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Colonial and State Records of North Carolina
Letter from William Christian to Andrew Williamson
Christian, William, ca. 1742 - 1786
August 15, 1776
Volume 10, Pages 748-749

[From MS. Records in Office of Secretary of State.]
Letter from Colonel Christian, Commander-in-Chief of the Virginia Troops, to the Commander of the South Carolina Troops.

Botetourt County, Virginia,
August the 15th, 1776.


Since the Cherokee Indians commenced hostilities on the people of Fincastle county, I have been appointed Commander in chief of the Expidition to be carried on against them from Virginia. The President informs me that the plan is, for the Virginia Troops with the assistance of Forces from North Carolina to march against the Overhill towns; while at the same time the South Carolina Troops are to attack the lower Towns. I am directed to endeavour to correspond with you, and co-operate with you by making my attack as near the time of yours as may be; but not having heard what forwardness the Army in South Carolina is in, I think it best to send an Express to you, in order to acquaint you how matters are here, and to have an opportunity of hearing with certainty from you.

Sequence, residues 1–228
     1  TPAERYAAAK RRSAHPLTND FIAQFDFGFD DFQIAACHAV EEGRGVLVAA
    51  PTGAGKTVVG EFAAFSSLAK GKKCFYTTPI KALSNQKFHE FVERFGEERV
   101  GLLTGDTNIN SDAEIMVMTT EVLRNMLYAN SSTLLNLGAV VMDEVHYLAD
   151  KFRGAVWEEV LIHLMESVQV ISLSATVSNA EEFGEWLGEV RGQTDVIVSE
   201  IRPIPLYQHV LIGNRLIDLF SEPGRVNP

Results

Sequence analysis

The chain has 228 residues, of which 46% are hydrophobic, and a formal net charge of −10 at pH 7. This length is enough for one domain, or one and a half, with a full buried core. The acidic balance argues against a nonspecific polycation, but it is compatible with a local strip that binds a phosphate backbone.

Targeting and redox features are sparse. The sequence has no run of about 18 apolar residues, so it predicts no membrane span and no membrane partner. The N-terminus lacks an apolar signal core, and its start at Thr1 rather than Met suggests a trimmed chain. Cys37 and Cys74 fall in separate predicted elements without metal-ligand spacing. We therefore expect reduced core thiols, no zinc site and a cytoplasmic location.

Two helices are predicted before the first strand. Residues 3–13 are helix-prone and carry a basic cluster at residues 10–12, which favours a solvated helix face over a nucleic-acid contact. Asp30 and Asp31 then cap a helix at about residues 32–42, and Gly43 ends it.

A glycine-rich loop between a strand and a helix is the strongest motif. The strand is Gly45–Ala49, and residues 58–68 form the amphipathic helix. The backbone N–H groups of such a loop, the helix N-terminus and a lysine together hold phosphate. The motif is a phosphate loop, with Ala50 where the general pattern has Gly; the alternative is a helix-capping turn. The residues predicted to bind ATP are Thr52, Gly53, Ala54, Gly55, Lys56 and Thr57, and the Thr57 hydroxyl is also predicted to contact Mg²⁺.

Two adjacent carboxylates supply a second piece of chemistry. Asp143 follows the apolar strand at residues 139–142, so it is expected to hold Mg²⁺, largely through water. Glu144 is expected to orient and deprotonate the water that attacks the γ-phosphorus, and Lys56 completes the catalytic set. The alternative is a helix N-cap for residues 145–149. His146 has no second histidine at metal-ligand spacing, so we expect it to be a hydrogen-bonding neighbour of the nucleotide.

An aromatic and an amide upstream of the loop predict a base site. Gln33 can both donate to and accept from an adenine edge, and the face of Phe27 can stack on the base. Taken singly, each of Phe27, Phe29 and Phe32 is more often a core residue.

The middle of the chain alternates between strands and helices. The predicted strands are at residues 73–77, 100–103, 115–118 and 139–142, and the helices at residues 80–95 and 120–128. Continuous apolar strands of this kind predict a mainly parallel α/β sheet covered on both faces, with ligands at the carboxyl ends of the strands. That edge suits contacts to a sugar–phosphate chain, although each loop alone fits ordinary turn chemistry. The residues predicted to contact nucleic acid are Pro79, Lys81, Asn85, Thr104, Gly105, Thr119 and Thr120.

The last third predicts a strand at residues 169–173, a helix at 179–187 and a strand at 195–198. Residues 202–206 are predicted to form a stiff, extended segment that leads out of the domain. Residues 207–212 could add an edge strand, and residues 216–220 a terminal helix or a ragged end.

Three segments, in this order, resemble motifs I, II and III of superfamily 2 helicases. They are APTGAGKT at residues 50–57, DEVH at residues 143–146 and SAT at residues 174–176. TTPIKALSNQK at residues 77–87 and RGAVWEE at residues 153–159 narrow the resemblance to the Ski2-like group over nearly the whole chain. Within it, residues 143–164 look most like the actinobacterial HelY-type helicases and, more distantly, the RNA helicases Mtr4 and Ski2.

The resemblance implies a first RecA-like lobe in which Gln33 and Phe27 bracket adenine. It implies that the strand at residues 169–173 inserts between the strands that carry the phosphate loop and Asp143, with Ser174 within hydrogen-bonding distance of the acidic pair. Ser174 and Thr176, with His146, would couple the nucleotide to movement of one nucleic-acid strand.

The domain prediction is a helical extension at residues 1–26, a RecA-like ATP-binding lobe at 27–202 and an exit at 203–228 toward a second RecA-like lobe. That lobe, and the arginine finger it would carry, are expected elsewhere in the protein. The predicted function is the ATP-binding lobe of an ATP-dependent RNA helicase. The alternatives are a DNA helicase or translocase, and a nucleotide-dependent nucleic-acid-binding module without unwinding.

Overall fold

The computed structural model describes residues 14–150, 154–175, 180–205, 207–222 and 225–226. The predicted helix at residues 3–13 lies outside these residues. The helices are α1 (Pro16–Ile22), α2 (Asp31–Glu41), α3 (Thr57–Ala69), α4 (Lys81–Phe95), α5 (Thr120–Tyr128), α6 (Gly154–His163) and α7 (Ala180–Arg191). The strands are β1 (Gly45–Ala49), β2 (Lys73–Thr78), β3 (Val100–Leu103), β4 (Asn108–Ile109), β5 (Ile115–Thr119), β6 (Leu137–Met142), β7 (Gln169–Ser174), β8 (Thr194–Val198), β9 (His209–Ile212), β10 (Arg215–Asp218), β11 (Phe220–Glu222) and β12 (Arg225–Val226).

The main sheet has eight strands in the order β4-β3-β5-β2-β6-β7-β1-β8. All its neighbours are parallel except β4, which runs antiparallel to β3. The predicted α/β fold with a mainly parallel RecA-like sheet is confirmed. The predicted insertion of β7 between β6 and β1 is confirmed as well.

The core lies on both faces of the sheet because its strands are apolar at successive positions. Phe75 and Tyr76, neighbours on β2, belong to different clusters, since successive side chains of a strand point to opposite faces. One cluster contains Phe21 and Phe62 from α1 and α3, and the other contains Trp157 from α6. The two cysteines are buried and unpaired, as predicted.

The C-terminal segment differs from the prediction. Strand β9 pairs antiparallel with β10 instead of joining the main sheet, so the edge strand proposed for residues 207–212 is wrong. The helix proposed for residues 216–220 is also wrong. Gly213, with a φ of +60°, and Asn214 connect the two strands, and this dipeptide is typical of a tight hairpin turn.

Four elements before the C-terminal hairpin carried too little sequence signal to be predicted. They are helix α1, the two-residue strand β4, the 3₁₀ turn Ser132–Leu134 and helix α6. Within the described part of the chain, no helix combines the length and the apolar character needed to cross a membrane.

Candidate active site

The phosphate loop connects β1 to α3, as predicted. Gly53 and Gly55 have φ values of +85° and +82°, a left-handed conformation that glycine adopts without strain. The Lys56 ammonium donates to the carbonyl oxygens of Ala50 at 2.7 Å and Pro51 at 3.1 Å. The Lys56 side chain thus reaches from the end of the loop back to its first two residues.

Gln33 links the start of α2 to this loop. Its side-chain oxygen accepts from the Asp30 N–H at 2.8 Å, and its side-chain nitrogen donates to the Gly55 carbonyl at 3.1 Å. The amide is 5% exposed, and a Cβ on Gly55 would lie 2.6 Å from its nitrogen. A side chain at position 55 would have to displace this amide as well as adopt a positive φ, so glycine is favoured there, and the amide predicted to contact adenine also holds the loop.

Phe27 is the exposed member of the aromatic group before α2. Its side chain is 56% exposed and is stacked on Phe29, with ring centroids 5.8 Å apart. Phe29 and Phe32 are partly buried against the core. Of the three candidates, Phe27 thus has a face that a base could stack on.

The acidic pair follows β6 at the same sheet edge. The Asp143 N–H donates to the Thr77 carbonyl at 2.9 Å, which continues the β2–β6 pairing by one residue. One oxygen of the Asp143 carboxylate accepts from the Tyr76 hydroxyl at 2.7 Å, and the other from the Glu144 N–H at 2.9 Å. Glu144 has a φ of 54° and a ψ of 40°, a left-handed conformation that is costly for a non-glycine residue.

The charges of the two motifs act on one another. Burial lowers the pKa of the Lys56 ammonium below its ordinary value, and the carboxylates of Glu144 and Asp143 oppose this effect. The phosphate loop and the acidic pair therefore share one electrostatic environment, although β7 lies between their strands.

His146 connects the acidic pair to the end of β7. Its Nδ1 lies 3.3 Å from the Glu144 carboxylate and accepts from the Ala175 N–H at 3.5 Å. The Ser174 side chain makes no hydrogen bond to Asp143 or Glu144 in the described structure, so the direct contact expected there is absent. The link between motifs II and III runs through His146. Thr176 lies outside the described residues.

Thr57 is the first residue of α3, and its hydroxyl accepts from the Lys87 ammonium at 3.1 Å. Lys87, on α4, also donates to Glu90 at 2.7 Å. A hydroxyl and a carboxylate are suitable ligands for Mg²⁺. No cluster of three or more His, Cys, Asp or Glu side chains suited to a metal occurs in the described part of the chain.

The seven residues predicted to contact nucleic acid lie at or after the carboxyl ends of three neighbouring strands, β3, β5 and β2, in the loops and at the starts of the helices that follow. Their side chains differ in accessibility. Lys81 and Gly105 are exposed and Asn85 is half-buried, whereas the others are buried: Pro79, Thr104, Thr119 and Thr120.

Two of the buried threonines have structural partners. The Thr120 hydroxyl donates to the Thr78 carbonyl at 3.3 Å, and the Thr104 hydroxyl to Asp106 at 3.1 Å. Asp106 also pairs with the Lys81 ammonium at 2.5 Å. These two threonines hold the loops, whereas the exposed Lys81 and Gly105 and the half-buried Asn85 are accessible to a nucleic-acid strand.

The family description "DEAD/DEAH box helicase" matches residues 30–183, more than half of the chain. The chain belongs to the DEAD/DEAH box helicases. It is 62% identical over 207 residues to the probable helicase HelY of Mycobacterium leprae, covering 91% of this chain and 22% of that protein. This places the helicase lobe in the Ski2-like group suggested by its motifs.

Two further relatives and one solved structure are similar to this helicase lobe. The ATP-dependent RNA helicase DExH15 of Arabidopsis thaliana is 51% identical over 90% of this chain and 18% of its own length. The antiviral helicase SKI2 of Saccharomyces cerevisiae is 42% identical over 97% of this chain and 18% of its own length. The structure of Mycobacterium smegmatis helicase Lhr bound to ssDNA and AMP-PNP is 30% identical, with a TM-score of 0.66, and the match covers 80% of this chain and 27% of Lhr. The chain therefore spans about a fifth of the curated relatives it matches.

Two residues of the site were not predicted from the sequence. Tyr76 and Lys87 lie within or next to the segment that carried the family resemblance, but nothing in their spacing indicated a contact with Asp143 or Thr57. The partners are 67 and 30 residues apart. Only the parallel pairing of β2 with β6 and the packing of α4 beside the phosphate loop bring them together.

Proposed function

The army I am to command will Rendevous at or near the great Island on Holston's river the 20th of September. The Island is 130 miles from the Towns, and if all happens well with me, it is probable I may be able to attack them betwixt the 10th and 15th of October. But should you be able to make your attack sooner, I would endeavour to hurry, in order to co-operate with you the more effectually.

Would it not answer well for you to send a messenger with the bearer, that I may answer any particulars you wish to be acquainted with, that may not now occur to me, or that are not now known?

The Indians have killed twenty of our people at different places by attacking small parties & helpless families. Our militia have killed twenty-five of their men, without the loss of one on our side. The last accounts we have here from New York are that General Howe had landed about twenty thousand men on Staten Island in

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Jersey, and that General Washington was collecting a much more considerable Army.

I wish you success, and am Sir
Your Obedient humble Servant,